WATCHING THE DIARY OF A TEENAGE GIRL is like being hugged by a Lisa Frank panda while floating on a sea of Hitachi Magic Wands and cotton candy. It's like diving into a clawfoot tub of LUSH products while wearing a snorkel full of root beer. Its color palate is indica-laced rainbow sherbet. Its heart is a sentient mug of hot cocoa. Its eyes are Bel Powley's cartoonishly gigantic, wide-open baby blues.
It's also about statutory rape, and that juxtaposition's caused no shortage of controversy for Marielle Heller's directorial debut. That's too bad, because at its core, Teenage Girl is about a 15-year-old coming into her own as an artist (it's based on the autobiographical work of real-life cartoonist Phoebe Gloeckner), a storyline I wish more people cared about enough to write into movies. If you love Angela Chase, or Rory Gilmore, or Tavi Gevinson, or, I don't know, HARRIET THE SPY, you will love Minnie Goetze, the film's sex-obsessed, Aline Kominsky-worshipping, budding cartoonist heroine. Powley imbues Minnie's adolescent longing and bad decisions with unshakeable whimsy and a complexity you'd expect of someone who lives as much in her drawings as she does in her chaotic household in '70s San Francisco.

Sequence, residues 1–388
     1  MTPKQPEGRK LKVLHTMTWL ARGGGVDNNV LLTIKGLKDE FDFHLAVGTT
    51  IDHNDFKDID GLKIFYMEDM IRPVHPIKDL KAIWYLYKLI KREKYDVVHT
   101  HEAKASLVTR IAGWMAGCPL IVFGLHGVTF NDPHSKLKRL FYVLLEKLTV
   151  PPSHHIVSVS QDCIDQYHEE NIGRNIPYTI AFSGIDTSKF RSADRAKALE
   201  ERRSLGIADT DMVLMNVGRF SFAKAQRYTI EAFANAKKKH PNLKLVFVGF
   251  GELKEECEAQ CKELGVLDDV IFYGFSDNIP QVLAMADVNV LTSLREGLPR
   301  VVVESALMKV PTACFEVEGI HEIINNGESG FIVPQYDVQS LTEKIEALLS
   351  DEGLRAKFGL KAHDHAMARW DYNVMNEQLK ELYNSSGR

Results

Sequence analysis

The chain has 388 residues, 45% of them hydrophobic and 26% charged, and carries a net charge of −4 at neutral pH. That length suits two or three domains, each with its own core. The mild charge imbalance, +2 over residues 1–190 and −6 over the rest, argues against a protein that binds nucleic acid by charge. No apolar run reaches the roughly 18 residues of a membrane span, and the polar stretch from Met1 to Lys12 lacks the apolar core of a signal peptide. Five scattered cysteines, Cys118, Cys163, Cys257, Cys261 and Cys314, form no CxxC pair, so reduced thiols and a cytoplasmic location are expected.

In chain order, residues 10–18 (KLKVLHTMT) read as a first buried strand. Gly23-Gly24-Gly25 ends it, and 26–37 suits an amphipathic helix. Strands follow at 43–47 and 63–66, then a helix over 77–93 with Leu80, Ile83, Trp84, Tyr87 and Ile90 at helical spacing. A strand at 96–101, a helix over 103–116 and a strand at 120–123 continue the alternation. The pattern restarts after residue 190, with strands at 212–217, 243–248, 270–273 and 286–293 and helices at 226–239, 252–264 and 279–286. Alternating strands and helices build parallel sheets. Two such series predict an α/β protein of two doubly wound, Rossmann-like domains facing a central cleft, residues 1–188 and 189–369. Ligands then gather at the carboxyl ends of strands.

There, her deeply irresponsible mom, Charlotte (Kristen Wiig, who is perfect), snorts cocaine in the living room; her little sister, Gretel, stomps around like a tiny blonde Daria; and responsible adults don't exist. When Minnie decides she wants to offload her tedious virginity to Charlotte's 35-year-old boyfriend Monroe (Alexander Skarsgard, living proof that NO ONE looks attractive or trustworthy with a pervstache), he says yes.
If a grown man fucking around with a minor is the definition of exploitative, Heller's movie never is. Bad things happen to Minnie—Monroe; a terrible girlfriend who tries to pimp her out for drugs; a separate, brief, and failed foray into prostitution—but she's never without agency and, crucially, she's never objectified. The only time she appears on-screen fully naked, she's alone, looking at herself in a mirror. The film may open with Minnie's search for love and validation from other people, but it ends with the legitimizing, exhilarating discovery that her most important relationship is with herself. There are plenty of movies out there about coercive relationships that leave you wondering if the Minnie in the equation will be okay. But while Diary of a Teenage Girl leaves many questions unanswered, that, miraculously, is never one of them.